A quick note: Rodriguez should have been more prepared to answer tough questions about Dorsey and handle those questions with more cool. Yet he provided an answer, saying that he had checked the background of every player. So why wasn’t that answer good enough for Sharp, Birkett, etc.? Well, I believe that if Bo, Lloyd, or even Mark Dantonio had given that same answer, there would have been no follow-up. Because the press fears and respects those guys. Rodriguez? Not so much.
Why don’t people respect Rodriguez? The losing at Michigan is obviously a big issue, and winning will solve many problems. But not all of them. Beginning with Bo (and perhaps earlier; I’m no Bump Elliott expert), Michigan has been coached by a taskmaster field general. Demanding, strict, somewhat dictatorial. Moeller may have fit the same mold, but the incident at the Excalibur damaged him terribly – no longer was he the feared leader, he was the pathetic drunk. He was replaced by Lloyd Carr. More intellectual than Bo, he was still the tight-lipped fearless commander, the great lion, the general to lead men into battle.
Rich Rodriguez is not these things. He is a leader, and he has proven he can be an effective one. But he’s not the strict sovereign. He is the fun-loving, loosey-goosey, affable coach [EDIT: should probably just say "He has an affable and good-natured public demeanor, compared to his predecessors more known for withering stares sprinkled with the occasional dry wit."]. Players appear to respond well to that kind of leader. But the media, and many others, do not. Without saying so, they want the coach to be the fear of God disciplinarian. They want to be intimidated. Because when they feel intimidated, they are reassured. They secretly want old-school Dad, and they don’t know what to do with new school Dad.
Mark Dantonio, bless his soul, is the old school Dad that Rich Rodriguez (and John L. Smith) is not. When Drew Sharp cites the double standard, he’s basically saying “Me, Mike Rosenberg, and everyone else want a Dad I fear, not a Dad I play games with. We want Woody and Bo or Tressel or Saban. We want a Dad who listens to classical music or talk radio, not rock or R&B. Old school Dad reassures me that all is right with the world. New school Dad scares me, and reminds me of terrorists, recession, and the decline of all that is good in America.”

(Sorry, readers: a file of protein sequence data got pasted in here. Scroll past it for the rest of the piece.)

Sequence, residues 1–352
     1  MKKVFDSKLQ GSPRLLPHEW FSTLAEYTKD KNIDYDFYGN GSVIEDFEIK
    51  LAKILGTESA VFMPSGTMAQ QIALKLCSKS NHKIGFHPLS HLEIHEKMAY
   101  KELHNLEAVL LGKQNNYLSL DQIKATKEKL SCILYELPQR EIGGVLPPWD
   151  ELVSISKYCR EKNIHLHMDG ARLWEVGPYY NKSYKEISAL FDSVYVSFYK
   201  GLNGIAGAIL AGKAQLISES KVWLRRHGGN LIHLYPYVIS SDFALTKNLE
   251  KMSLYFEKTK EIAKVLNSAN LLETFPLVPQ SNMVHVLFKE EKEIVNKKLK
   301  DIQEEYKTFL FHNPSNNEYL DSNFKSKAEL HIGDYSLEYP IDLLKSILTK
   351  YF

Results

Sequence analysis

Don’t get me wrong – there are reasonable reasons to dislike things Rodriguez says or does (losing games being offense #1). But the generational gap amplifies every negative reaction. It’s not “Rodriguez didn’t answer the question”, it’s “Rodriguez didn’t answer the question and didn’t try to stand up to me or stare me down and where are all the real men in America and what is happening with this country and everything is so complicated now I can’t handle it and dammit RichRod I hate you.”
To sum up: Rodriguez, by being new school, invokes a series of complicated overreactions among people who aren’t quite sure where they stand anymore. Dantonio, by being old school, provides a refreshing, nostalgic respite from everpresent change. The media, and many of the general public, consciously or unconsciously gravitate to that reassurance, which is why we see such different portrayals of the two programs. And it helps explain why Michigan benefitted so much when its coach was old school and MSU was new school.
But second, let me ask: when was the last time you watched a Michigan athlete dance and swagger around like a trash-talking clown because he was soaring on the knowledge that he was athletically superior to everyone else in the game? Not dance and swagger on occasion, but as a state of being. A player that was constantly feeding off the rush of his own talent, employing his physical tools wildly, freely and playfully, like an excited kid just given the controls of a fighter jet.
We have had superior athletes. We have had superior athletes with plenty of charisma. But we have not really had what I described above since the Fab Five. We have not seen it since Webber, but especially Jalen. Watching them was one of the most exhilarating (if sometimes maddening) experiences of my life.
Now third, watch this film immediately:
If you judge only on these few plays, a few things seem clear:
1. Dorsey will not be instructing our team on tackling fundamentals
2. Dorsey was the fastest player on the field in the UA game
3. Dorsey thought he was the best athlete on that field
4. He could hardly stop dancing around like a fool because of points 2 and 3
Where do I stand on all this? I will make my feelings plain. I like it. After years of tight, "dear God don't go the wrong direction" play at safety I am ready for an insanely gifted trash-talking kid who plays a reckless but decisive centerfield and then flaps his arms like a bird. I want that guy at the back of my defense. I want to see his winged helmet come flying into the viewable screen in a blur after starting the play 15+ yards deep.
I do not want him at corner. I want a Fab Five free safety. In 2010. Too much to ask?
I know that others have been posted. But, I wanted to share my letter as well. Thank you for reading. I did not go to UofM, but I am Michigan fan. Meaning, I root for anything positive in OUR STATE! One of the things that we take most pride in is Michigan football and to watch a "newspaper" continue to attack one of the last things that we still cling to as a community, especially with all the economic turmoiL is rather disheartening. Anyhow, here it goes: